Alfhausen and the Alkenkrug Pub

Once, there were only eleven houses where the village of Alfhausen is located now. The people who inhabited it belonged to the church parish of Merzen. On every Sunday and holiday they walked across the heath towards the holy house of Merzen. But the way there was long, and the churchgoers always became glad when they came close to the barrows on this lonely stretch of land. Here, as the locals tell it, people once had started to build a church. But the Devil tore it down and placed a pub in its place. And this pub was what gladdened the churchgoers now. Here they stopped and refreshed themselves with a mug of beer provided by Alke, as the publican was called. He was a master at keeping his patrons rooted there. “I can only rely on you; we twelve stick together and belong together”, as he was fond of saying, and this flattered the farmers, and they were convinced to stay. And when one or the other of the guests replied to his badgering for another round of drinks that they needed to go now if they didn’t want to be late for church, the clever man always managed to console them that it was still early enough for sure. Thus, the churchgoers always stayed in the Alkenkrug for too long and arrived too late in Merzen on an almost regular basis. The pastor frequently berated the publican for his evil-minded behavior and warned him, but always futilely. He continued to act as he had always done.

Then, one day, God’s judgement fell upon him. His house, which stood on a small hill, sank into the Earth’s lap along with his barn, and in place of these buildings the two depressions formed, which can still be found at this place today.

Such an event made a great impression on the people of the surrounding areas, but especially on the former patrons of the Alkenkrug. So that they would no longer have to encounter the spot where the pub once stood, they now built a church of their own. And in order to show that they did not want to have anything in common with the godless publican any more, they called their settlement “Alfhausen” - “Eleven Houses”.

The construction of the Lord’s house was very difficult for the small community, in particular because the stones for the construction had to be carted from far away. Then, suddenly, a shiny gray horse appeared which dedicated its services to this holy cause. Day and night it carted stones to the site until the construction was complete, and then it vanished. No one could say where this faithful helper came from, and where it went. For a long time, the people of Alfhausen showed the stable into which the horse was led while the stones were unloaded.

It was just as well that the inhabitants of the “eleven houses” provided for a prayer house of their own. For if they had been forced to wander the old path to Merzen, then perhaps they would also have encountered the haunting of the sunken Alkenkrug, and perhaps the publican who had ensnared them so often in the past would now have harmed them as well. For he still dwelled at the location of his former trade. The shepherds of the region, who saw him from time to time, also claimed that if someone circled the Alkenkrug in the hour of the ghosts and called “Alke, come, do you want to go with me?”, then the latter would appear and pull the foolhardy person into the abyss with him.

One late evening, the farmer Grumfeld, whose house was not far from Alke’s Hollow, sat together in the pub with several other farmers. Everyone praised their own horses, and then Grumfeld said that he had a gray horse in which he was confident enough that he would dare circle the sunken pub and challenge Alke. The others took him at his word and bet him for the sum of nine pounds of silver, and the audacious man promised to attempt the daring ride in the next night.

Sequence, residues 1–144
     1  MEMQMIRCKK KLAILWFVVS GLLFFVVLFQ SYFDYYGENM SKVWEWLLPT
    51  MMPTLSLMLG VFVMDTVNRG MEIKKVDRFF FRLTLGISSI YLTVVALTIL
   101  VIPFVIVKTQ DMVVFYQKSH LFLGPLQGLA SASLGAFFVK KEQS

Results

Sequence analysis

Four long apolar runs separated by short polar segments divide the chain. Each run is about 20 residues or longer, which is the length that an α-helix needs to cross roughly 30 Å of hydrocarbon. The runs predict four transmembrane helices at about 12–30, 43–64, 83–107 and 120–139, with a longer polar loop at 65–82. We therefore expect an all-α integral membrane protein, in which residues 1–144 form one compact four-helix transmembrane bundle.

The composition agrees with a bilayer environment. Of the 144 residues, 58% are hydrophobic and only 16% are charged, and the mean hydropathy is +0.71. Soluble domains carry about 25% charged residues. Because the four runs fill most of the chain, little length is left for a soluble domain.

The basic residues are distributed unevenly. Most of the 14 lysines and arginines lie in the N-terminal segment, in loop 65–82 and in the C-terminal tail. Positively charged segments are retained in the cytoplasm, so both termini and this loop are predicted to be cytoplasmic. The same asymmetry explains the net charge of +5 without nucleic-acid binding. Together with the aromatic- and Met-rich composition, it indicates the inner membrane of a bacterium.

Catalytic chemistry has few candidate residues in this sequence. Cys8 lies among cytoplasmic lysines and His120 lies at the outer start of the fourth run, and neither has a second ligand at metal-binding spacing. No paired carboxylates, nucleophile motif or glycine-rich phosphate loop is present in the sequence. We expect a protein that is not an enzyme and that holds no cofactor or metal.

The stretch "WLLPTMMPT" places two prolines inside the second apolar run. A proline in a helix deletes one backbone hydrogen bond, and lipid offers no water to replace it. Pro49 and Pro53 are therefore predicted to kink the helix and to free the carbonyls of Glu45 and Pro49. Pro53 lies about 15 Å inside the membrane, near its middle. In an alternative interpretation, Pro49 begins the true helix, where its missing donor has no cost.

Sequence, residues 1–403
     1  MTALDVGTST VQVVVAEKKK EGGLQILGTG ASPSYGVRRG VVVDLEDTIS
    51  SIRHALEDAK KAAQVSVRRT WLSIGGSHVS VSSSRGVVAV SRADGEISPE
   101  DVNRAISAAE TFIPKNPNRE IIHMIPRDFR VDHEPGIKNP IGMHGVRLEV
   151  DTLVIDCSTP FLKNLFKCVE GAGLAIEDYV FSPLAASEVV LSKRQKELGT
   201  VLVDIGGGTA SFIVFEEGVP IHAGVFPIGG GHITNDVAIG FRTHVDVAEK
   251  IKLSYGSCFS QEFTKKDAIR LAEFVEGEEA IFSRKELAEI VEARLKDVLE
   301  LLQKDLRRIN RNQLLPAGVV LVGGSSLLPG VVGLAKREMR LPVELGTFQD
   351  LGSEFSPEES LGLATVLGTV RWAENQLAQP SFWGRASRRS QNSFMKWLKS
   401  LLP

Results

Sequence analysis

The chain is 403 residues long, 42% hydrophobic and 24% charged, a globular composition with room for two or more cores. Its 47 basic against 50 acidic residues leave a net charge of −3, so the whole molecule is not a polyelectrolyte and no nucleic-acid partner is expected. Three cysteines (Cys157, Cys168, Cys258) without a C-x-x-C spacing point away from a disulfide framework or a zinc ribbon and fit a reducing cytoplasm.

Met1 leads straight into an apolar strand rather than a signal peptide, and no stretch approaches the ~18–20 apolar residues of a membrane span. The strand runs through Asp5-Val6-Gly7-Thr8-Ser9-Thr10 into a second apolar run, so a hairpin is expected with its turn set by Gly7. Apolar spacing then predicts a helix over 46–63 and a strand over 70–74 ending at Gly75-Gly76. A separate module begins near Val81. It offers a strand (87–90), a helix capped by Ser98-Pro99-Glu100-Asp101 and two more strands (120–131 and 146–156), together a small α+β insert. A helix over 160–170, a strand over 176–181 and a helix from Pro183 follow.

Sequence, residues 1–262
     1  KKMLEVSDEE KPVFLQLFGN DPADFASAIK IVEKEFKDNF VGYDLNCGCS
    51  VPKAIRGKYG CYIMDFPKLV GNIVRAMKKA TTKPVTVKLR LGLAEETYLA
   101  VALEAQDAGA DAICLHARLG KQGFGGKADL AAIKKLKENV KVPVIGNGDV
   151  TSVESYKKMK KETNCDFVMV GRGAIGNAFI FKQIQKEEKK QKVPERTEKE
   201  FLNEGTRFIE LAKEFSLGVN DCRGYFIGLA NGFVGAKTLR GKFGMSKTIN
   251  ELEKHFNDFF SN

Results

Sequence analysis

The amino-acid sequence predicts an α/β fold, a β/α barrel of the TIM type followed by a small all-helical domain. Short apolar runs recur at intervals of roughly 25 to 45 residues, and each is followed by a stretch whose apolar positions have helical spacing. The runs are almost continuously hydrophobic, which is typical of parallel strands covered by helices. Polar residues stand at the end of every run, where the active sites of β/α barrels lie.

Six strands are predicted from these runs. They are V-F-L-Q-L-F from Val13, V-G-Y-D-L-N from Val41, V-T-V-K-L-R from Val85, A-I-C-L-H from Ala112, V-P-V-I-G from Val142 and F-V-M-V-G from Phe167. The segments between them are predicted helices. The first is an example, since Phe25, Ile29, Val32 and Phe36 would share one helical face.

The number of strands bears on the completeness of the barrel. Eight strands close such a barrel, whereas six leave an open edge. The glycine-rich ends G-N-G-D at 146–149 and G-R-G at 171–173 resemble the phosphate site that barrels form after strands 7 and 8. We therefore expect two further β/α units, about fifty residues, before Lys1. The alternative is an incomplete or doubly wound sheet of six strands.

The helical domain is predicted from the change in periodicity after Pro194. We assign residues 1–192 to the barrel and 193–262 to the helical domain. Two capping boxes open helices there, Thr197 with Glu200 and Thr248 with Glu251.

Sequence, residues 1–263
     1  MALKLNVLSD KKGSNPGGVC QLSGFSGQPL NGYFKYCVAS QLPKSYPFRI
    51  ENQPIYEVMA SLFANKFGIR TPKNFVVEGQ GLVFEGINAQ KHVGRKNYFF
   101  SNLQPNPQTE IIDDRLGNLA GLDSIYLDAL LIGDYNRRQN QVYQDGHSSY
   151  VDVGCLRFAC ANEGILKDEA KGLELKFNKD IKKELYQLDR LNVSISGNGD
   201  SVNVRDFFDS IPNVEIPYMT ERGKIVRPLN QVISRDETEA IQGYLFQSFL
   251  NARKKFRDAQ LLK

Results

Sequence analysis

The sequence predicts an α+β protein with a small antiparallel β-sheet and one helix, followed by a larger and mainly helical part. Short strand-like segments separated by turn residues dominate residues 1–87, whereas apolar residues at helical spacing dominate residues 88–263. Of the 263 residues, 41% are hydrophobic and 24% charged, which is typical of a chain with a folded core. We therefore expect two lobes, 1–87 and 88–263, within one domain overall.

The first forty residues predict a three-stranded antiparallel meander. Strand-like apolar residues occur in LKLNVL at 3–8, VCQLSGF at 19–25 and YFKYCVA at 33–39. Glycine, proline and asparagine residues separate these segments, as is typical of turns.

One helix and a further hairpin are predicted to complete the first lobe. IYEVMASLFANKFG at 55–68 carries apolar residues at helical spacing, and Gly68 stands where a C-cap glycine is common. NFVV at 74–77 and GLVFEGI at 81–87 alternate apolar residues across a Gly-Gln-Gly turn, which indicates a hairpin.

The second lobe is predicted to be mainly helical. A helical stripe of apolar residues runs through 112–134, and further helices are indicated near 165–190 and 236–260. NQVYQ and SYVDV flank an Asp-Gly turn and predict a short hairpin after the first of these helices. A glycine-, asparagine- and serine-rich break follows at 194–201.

The next day, Grumfeld and his horse headed towards the location which he intended to visit again soon after during the midnight hour. Here he began to indicate to his horse what would be expected of it. The smart animal indeed seemed to understand, for when its master mounted it, it carried him to his home in lightning-speed. Here the farmer also showed it the large entrance gate, which he intended to leave open during the following night. After that, he gave his horse the best food he had as a reward for the brave ride.

The next night arrived, and Grumfeld and his horse set off for their destination. When he reached the boundary of the water-filled depression, the hour of the ghosts had not quite arrived yet. It was a beautiful, star-lit night, and everything was quiet nearby. Then the rider heard the tower clocks strike twelve, first in Ueffeln, then in Merzen, and finally in Alfhausen. As soon as the last chime had ceased, he shouted:

“Alke, come, do you want to go with me?”

And from the depth a dreadful voice replied:

“One shoe I will lace up,

The other one I will slip into,

And then I shall get the Devil!”

How the farmer then spurred his horse! Like the lightning rushing through the air, like the arrow flying from the bow, in that manner they raced through the night - but Alke pursued them in the shape of a large, flaming pole. The spirit approached ever closer, but the hellish chase also got ever closer to the Grumfeld’s house. And just as the fiery pole was about to reach the horse, the horse raced through the lower door of the opened entrance gate, and horse and rider were saved. The glowing “pole”, however, rammed the pillar at the side of the great door so that the house shook, and it was still possible to see the burnt spot there for a long time.

The farmer had won the bet, but never again was someone able to convince him to undertake such a dangerous ride.


Source: Crone, W. Aus der Heimat. Sagen und sagenhafte Erzählungen des Kreises Bersenbrück. 1899, p. 16ff.